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As social media continues to become an incredible mode of communication in daily life dealing with the exchange of information, these systems provide authors a platform where they can share their thoughts, feelings, and experiences about a number of topics. Harnessing the information expressed publicly through these modes can be incredibly powerful: public perceptions, signals, and data about a variety of specific topics could be extracted and studied from these posts. However, there is a common trade-off in collecting information about a topic from social media: the more specific the topic, generally, the more challenging it is to extract meaningful information. This is because, at first glance, social media posts are simply too noisy: authors post topics that are forced to inject meaning in a short length (140 characters on Twitter). This work presents a nontrivial methodology to overcome this problem. It uses state-of-the-art programming and data storage technologies, stop-word dictionaries, author filters and Twitter bot detectors. Short of evaluating the authenticity of the collected tweets, which will be done in future work through Amazon Mechanical Turk evaluators, we demonstrate how our methodology extracts specific, meaningful tweets about topics related to chronic diseases and medication.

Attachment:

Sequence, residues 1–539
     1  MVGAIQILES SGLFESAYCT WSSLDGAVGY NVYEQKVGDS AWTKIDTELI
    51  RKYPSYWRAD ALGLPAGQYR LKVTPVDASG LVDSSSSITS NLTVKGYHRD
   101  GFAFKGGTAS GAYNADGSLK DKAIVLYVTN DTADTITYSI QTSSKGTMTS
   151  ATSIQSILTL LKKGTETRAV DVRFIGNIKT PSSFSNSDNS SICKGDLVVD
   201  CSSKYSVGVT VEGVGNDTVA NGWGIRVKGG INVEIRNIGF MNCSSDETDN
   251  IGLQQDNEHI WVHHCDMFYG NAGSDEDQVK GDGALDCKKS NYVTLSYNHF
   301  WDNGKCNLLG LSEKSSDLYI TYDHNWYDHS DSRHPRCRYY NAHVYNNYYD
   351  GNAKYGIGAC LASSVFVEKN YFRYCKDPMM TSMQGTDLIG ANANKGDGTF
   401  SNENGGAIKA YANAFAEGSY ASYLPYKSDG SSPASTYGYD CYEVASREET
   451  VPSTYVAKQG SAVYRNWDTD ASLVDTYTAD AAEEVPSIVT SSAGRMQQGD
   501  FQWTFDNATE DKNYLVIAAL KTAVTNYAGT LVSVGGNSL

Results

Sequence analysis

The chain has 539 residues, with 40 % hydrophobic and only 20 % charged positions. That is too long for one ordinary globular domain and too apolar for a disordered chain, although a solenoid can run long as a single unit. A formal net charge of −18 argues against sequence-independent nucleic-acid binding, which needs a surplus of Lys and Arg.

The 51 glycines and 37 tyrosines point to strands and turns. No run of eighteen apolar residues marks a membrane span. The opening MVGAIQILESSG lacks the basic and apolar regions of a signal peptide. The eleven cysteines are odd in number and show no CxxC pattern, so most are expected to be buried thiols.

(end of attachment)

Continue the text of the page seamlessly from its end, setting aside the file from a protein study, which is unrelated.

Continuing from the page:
Arts and Humanities | Engineering | Life Sciences | Medicine and Health Sciences | Physical Sciences and Mathematics | Social and Behavioral Sciences
Duberstein , S. J., Asamoah , D., Doran , D., & Schiller , S. Z. (2016). Finding Specific, Topic Related Information from a Sea of Social Media Posts. .
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Presented at the Seventh Annual Celebration of Research, Scholarship, and Creative Activities, Dayton, OH, April 15, 2016.